Q. What are the options for the locally selected measures of student achievement that use a state assessment?
A. There are four options:
- The change in percentage of a teacher’s students who achieve a specific level of performance as determined locally, compared to those students’ level of performance in the previous school year.
- A teacher-specific growth score computed by the state based on the percent of the teacher’s students earning a state-determined level of growth, based on a methodology that shall be locally determined.
- A teacher-specific achievement or growth score computed in a manner determined locally based on a measure of student performance on the state assessments, Regents examinations and/or SED-approved alternative examination (such as AP exams). This option can be used to create a structured student growth goal-setting process, similar to a SLO, using the state assessments as evidence.
- A state-provided student growth score covering all students in the school that took the state assessment in ELA or math in grades 4-8. (Group measure – not teacher specific)
Q. What are the local options for student achievement that do not use a state assessment?
A. The amended law allows the following options:
- Student Growth or Achievement computed in a manner determined locally based on a state-approved assessment. This option remains unchanged from the original regulations. As of February, SED has approved approximately 20 commercial assessments. The list is available on the SED website at: http://usny.nysed.gov/rttt/teachers-leaders/assessments/home.html
- Student Growth or Achievement computed in a manner determined locally based on a district, regional or BOCES-developed assessment that is rigorous and comparable across classrooms.
- Teachers of non-tested subjects have the option of using a SLO for both the first 20 percent and as a locally selected measure. However, the SLOs must be different, or use the same evidence in a different manor than as it is used for the first 20 percent.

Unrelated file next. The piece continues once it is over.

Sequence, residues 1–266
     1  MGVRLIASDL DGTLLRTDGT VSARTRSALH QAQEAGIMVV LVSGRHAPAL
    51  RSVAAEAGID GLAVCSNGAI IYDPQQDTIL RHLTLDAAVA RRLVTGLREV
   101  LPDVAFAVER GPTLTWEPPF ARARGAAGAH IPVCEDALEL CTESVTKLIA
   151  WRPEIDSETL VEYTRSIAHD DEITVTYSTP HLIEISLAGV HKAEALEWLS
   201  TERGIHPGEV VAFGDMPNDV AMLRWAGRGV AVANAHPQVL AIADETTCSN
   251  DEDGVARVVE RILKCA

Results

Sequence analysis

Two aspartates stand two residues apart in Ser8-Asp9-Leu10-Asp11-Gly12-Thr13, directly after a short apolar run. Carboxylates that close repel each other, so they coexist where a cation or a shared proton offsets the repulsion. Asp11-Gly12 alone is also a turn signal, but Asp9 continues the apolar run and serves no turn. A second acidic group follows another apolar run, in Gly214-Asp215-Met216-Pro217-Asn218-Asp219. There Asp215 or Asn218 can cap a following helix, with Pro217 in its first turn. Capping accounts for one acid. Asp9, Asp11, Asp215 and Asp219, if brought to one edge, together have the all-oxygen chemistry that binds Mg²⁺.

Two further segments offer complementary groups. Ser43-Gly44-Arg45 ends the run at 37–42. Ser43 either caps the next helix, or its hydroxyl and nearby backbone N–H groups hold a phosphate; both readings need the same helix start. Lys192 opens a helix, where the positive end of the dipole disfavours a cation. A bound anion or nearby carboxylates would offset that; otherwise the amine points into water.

Q. Are teacher-created assessments allowed as a local option?
A. Yes.Teacher-created assessments are not listed as a choice, as they were in the original regulations. This option has been folded into the district-created assessments, because the superintendent must certify they are rigorous and comparable across classrooms. Locals should assert that teachers must develop any locally developed assessments.
60 Percent Other Measures of Teacher Effectiveness
Q. What changed in how observation is counted in the 60 percent of the evaluation comprised of “other measures” of teacher effectiveness?
A. NYSUT went to court to challenge the commissioner’s regulations that sought to mandate that a full 40 points of 60 would come from classroom observations. Under the settlement, a minimum of 31 points now must come from classroom observations. There is a minimum requirement of two observations and at least one must be unannounced. The settlement preserves the right to negotiate the number of observations beyond the minimum requirement. The procedures related to observations must also be negotiated. Evidence of student development and performance through lesson plans, student portfolios and other artifacts of teacher practice are also an option for the remaining points, which are to be determined through collective bargaining.
Q. Doesn’t the requirement for at least one unannounced observation interfere with collective bargaining?